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Front Microbiol. 2012 Jun 22;3:227. doi: 10.3389/fmicb.2012.00227. eCollection 2012.

Role of host-encoded proteins in restriction of retroviral integration.

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  • 1Department of Microbiology, Yong Loo Lin School of Medicine, National University of Singapore, Singapore.


In retroviral infections, a copy of the viral DNA is first synthesized from genomic RNA by reverse transcription and subsequently integrated into host chromatin. This integration step, executed by the viral enzyme integrase (IN), is one of the hallmarks of retroviral infection. Although an obligate role for IN in retroviral integration has been clearly defined by numerous biochemical analysis of its recombinant protein and genetic analysis of the viral IN gene, several host cellular proteins have also been implicated as key factors involved in the integration step during viral replication. Although studies on integration cofactors have mostly emphasized factors that aid the integration process either through direct or indirect association with IN, it has become apparent that host cells may also harbor proteins that act as inhibitors of retroviral integration. Intriguingly, some of these inhibitory proteins appear to hamper the integration process via posttranslational modifications of the components of the preintegration complex including IN. A better understanding of the molecular mechanisms leading to the inhibition of integration will provide us with clues for the development of new strategies for treating retroviral infections. In this review, we draw attention to recent insights regarding potential host cellular factors that restrict integration, and illustrate how these inhibitory effects are achieved.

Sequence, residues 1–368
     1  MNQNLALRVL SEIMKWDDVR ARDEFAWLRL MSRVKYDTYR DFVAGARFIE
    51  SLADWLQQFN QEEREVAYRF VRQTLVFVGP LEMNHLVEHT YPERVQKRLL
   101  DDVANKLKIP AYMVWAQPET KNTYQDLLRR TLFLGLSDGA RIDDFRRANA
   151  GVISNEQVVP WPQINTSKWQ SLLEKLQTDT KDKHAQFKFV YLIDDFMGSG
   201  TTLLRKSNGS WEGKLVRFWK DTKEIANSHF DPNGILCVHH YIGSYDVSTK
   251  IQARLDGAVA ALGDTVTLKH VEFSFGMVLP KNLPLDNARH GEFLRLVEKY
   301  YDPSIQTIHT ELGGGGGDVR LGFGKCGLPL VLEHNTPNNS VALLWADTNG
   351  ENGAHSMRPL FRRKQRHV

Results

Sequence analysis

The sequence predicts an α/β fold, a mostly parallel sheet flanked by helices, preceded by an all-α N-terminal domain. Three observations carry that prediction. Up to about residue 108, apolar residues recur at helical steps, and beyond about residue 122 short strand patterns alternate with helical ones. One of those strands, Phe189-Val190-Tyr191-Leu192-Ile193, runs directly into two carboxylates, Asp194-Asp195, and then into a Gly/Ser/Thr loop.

KAP1; RAD51; VRK; host factors; integration; posttranslational modifications; retrovirus

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